In the essentially voluntary world of religious practice that was brought into being by the Toleration Act of 1689, the Church of England was compelled to compete for the allegiance of its members.
This book is based on a University of Durham doctoral study by Miranda Threlfall-Holmes using the extensive archives of Durham Cathedral Priory.
On 28 January 1648 Thomas Edwards (c.1599–1648), Presbyterian controversialist and 'true hammer of the heretics', died in exile at Amsterdam.
This book would have been a valuable addition to the historical literature on the English Reformation at any time, but its publication now is particularly timely, as the Reformation debate begins to focus on early English Protestantism with a set of questions previously unasked.
The Hanged Man is a fascinating account of a miracle and its context. Robert Bartlett, a medieval historian well known for his earlier work on ordeal, conquest, the expansion of Europe and the lives of saints, combines his many fields of expertise in order to analyse the story of one man's death and alleged resurrection.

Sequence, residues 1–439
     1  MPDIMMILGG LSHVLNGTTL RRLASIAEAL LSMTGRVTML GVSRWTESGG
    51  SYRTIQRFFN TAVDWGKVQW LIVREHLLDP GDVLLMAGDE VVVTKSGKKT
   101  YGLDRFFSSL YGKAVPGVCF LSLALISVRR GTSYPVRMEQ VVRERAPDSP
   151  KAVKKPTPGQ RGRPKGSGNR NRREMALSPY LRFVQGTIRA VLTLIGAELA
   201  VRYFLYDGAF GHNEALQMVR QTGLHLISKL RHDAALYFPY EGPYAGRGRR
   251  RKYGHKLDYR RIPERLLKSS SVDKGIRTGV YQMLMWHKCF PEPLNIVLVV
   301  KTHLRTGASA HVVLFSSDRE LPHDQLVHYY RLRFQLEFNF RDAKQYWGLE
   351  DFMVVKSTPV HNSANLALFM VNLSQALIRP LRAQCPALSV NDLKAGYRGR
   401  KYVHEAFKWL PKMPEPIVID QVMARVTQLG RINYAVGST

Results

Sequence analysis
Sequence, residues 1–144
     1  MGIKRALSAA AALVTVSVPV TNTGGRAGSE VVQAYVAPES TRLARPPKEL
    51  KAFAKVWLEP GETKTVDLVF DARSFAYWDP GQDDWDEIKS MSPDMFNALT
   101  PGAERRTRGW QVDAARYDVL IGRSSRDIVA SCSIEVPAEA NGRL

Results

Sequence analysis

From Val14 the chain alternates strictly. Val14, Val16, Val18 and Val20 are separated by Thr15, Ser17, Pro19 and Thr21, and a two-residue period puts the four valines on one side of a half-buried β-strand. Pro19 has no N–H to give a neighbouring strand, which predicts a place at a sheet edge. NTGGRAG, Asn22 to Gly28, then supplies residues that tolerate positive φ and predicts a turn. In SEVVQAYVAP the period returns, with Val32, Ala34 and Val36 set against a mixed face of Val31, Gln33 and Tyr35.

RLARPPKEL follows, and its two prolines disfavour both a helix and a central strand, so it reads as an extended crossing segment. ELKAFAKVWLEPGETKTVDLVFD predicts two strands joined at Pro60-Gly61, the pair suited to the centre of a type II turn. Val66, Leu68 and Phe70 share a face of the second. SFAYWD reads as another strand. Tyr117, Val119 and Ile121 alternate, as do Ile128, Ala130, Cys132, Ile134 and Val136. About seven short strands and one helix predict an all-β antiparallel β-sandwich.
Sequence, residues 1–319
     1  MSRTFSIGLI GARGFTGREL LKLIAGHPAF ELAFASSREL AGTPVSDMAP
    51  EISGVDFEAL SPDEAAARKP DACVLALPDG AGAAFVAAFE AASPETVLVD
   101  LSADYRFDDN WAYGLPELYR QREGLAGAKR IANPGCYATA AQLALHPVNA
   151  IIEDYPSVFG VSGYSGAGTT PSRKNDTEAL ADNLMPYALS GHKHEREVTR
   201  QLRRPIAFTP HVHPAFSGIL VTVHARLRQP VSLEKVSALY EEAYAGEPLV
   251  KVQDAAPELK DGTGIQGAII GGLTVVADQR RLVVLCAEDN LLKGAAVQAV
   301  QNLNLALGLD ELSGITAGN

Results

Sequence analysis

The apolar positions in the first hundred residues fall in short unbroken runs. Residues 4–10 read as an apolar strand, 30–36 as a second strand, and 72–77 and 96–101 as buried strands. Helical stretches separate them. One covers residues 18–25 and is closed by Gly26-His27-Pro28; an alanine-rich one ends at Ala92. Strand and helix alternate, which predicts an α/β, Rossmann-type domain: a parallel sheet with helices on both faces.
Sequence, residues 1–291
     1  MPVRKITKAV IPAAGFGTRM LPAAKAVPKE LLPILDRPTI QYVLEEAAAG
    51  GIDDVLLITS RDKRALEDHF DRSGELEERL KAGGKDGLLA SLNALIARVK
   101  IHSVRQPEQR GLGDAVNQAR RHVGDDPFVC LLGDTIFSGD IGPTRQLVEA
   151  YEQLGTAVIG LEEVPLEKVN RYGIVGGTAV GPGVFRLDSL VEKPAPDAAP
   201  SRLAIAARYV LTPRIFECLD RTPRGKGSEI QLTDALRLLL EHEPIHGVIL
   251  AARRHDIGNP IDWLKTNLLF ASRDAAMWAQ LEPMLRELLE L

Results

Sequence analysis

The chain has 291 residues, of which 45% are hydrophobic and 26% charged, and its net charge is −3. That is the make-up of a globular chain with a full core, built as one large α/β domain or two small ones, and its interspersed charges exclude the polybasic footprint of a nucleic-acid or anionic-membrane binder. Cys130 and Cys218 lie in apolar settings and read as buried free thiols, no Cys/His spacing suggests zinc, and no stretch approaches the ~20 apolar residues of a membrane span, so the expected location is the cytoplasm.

The standard of pastoral care provided by the 18th-century Church of England received a notoriously bad press both from its contemporary Evangelical critics and from its Victorian successor.
Anyone who has been researching or simply been interested in female monasticism in medieval England must have noticed a frustrating scarcity of primary sources which has resulted result in relatively meagre secondary literature. Paradoxically, we know more about the spiritual life of medieval nuns than we know about more mundane areas of their life.
This book has been long awaited and its appearance is a major event. John Blair's work over the last twenty years on the role and importance of minsters and on the subsequent emergence of a local network of parish churches has already transformed historians' understanding of the Anglo-Saxon Church.
The core of this book, which, like all in this series, is a revised version of an Oxford doctoral dissertation, comprises a good empirical study of six twelfth-century miracle collections. It also contains some more general or theoretical analysis about which one might have some reservations.
A new book by Greg Walker, Professor of Early Modern Literature and Culture at the University of Leicester, is a major event.